While cortisol helps the body deal with extreme stress, aldosterone continually regulates the balance of salt and water. Though both hormones are released by the adrenal glands, they have very different responsibilities. Cortisol kicks in when there is a perceived threat. Aldosterone is produced on a regular basis.
Cortisol reacts with other hormones, such as adrenaline, to prepare the body for a fight-or-flight situation. It increases the amount of glucose that is available in the bloodstream and makes it easier for the brain to use glucose.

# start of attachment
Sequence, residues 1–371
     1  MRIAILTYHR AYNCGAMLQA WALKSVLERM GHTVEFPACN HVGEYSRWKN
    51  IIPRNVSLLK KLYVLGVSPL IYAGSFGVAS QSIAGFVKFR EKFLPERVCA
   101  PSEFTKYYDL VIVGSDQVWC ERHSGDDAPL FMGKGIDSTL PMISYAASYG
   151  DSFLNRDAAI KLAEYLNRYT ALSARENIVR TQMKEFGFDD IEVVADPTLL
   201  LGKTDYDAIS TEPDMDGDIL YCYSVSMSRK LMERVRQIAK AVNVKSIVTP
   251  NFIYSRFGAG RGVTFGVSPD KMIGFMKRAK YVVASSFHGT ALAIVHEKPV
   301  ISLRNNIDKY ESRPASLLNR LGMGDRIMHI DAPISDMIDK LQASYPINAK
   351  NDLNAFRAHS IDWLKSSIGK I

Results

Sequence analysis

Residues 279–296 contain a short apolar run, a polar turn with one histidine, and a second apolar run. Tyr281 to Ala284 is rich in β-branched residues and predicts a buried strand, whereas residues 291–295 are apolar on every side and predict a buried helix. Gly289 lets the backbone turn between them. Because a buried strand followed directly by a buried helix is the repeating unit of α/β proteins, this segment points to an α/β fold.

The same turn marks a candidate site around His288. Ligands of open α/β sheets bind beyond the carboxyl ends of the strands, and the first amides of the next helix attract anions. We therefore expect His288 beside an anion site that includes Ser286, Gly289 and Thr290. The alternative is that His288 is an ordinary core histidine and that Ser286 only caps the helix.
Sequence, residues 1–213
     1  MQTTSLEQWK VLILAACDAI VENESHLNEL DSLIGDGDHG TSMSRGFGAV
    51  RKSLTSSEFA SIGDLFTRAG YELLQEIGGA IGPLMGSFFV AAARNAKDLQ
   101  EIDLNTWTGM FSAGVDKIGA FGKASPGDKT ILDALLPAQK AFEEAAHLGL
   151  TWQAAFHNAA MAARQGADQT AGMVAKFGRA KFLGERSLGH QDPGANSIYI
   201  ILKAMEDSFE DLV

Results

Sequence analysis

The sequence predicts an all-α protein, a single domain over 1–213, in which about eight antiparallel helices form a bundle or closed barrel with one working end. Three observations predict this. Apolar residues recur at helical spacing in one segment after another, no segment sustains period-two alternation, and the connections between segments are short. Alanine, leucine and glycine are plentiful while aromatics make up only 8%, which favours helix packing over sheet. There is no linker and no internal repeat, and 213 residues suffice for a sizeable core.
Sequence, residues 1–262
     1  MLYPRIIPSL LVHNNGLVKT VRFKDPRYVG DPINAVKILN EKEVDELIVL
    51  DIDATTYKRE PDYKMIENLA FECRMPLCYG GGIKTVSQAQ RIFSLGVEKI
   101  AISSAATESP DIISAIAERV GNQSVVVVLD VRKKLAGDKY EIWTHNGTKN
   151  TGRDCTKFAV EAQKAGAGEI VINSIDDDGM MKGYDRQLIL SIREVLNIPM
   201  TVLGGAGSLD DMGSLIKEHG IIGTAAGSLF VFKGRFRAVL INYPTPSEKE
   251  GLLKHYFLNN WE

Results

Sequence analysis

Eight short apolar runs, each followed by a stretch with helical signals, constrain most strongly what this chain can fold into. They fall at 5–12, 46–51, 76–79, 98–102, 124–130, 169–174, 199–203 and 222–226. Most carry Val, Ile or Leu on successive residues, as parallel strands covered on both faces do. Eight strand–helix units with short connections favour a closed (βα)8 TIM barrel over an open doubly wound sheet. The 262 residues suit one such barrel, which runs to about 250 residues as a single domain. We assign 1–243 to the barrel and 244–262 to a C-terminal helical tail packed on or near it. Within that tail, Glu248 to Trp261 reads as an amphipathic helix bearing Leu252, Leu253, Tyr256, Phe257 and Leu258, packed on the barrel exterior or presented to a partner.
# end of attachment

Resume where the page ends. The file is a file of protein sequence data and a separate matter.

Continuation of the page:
Cortisol also gets the body ready to deal with injury by boosting the amount of substances that may be needed for repair. In the face of a threat, cortisol signals non-essential services, such as the reproductive and digestive systems, to slow down. Growth is also suppressed.
Chronic production of cortisol, the result of long-term stress, results in digestive problems, heart disease, anxiety and depression. Aldosterone reacts to the body's needs. In general, its job is to retain a healthy amount of sodium and water in the blood while making the kidneys excrete potassium in the urine. A tumor in the adrenal gland can upset this process, contributing to high blood pressure or low blood potassium levels.